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Hi-tech a backward step for this car owner

by Greg Klein | June 13, 2017

There was a time when lost car keys didn’t pose such a problem. If a driver couldn’t wait to order replacements, a clothes hanger would suffice to open the door while a bit of old school skill could hotwire the engine. That was before the computerization of everything.

Now a suburban Vancouver family has had to abandon their Toyota minivan in Victoria because the age-old inconvenience of mislaid keys became an unsolvable quandary. Replacements aren’t available for the import. Computerization has so far ruled out other options, John Higgins told the Victoria Times Colonist.

Well-meaning people have offered to hack the car, “which has a complicated computerized system on top of a hybrid internal-combustion engine with electric propulsion,” the paper stated.

“The problem with having someone hack it is, if they damage it irreparably, we may end up with a worse problem,” Higgins said.

If it was just a gas engine, this would be a different story.—John Higgins

As the paper reported, “in the hybrid system, the engine may work but the wheels are connected to an electric motor that charges the battery. If the wheels spin but the computer isn’t properly configured to recognize that, he said, the batteries could charge until they explode.”

But “if it was just a gas engine, this would be a different story,” the owner pointed out.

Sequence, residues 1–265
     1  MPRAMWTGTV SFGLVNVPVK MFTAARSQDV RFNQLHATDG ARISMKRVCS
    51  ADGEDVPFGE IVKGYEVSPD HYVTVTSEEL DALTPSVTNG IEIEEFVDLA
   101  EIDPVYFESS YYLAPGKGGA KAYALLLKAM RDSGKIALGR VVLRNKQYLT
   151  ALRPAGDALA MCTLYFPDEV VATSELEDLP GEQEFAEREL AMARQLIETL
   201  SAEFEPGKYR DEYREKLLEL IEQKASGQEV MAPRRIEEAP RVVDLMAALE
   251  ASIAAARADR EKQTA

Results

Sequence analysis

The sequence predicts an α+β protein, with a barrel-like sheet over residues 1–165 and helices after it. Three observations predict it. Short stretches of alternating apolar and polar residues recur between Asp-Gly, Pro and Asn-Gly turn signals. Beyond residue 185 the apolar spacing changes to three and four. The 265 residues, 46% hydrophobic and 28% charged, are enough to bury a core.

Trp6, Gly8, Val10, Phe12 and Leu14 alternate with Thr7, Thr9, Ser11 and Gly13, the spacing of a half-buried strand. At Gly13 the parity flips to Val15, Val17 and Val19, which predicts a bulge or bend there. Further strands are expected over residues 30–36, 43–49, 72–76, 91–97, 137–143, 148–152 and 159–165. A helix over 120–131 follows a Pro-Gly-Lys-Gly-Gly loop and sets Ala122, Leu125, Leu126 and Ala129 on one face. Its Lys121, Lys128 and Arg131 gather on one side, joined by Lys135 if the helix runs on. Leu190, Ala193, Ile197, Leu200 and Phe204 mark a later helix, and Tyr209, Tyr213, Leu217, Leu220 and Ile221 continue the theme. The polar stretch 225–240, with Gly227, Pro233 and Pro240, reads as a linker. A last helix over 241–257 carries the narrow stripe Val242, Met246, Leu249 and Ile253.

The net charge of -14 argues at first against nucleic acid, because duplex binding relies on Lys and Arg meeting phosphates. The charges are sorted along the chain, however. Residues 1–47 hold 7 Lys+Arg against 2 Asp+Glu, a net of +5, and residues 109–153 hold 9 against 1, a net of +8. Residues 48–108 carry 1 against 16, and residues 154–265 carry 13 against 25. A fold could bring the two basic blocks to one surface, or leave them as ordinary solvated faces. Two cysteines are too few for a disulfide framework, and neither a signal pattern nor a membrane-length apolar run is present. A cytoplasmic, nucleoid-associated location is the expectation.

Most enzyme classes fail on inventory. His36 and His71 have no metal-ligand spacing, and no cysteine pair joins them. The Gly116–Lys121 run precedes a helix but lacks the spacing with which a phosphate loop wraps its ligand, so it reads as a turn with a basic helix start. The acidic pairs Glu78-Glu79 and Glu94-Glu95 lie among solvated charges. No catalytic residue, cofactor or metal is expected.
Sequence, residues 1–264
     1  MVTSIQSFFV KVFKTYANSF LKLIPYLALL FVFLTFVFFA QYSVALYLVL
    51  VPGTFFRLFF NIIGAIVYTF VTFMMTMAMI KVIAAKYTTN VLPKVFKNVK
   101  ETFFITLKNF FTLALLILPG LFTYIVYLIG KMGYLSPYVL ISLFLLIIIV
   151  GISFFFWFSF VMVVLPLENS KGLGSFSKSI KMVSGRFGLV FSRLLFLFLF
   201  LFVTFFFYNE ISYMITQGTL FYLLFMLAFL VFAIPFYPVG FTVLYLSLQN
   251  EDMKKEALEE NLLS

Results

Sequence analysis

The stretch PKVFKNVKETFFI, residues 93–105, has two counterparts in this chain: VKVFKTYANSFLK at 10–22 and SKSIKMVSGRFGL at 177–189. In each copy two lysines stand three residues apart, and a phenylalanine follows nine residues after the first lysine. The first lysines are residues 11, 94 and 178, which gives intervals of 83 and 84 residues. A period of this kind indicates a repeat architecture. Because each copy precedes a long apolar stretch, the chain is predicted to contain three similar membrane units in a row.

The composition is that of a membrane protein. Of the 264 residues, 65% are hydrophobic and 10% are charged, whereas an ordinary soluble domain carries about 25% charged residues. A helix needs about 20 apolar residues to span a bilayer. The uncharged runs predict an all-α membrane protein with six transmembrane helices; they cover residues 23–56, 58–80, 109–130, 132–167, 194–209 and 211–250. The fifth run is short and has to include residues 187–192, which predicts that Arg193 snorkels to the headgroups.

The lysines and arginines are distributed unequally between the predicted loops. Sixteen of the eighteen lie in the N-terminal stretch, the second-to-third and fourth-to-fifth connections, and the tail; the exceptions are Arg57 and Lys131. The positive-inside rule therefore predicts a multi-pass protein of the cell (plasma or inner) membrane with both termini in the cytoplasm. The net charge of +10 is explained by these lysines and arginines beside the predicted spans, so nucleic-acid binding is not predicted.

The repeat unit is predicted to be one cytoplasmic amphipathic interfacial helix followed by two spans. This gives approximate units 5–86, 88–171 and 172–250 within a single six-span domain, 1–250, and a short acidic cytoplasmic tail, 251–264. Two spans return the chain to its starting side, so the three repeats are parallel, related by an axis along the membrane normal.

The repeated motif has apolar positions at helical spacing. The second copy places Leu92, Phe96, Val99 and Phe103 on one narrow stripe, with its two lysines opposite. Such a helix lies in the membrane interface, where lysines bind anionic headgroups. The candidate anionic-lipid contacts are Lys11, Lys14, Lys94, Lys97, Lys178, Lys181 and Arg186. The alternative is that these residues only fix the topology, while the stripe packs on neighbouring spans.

The following day the Times Colonist reported he and his family returned home sans minivan.

Meanwhile people struggling with increasingly buggy, unstable and downright erratic electronic devices might look askance at the advent of driverless cars. But skepticism might prove safer than complacency. The Globe and Mail suggests that autonomous autos could ironically become more dangerous as their technology improves. “Drivers will become more complacent, letting the cars drive themselves and not staying alert to that one rare instance when a driver suddenly has to take control. The technology has to become far better than humans for it to work.”

As for Higgins’ keys, anyone who finds them is asked to call him at 604 616-8384. If necessary, recharge and/or reboot your phone first.

See a Visual Capitalist interactive infographic (ironically not functioning on Google Chrome): What futuristic transport will you see in your lifetime?

Learn how an earlier vehicle innovation frustrated a previous generation:


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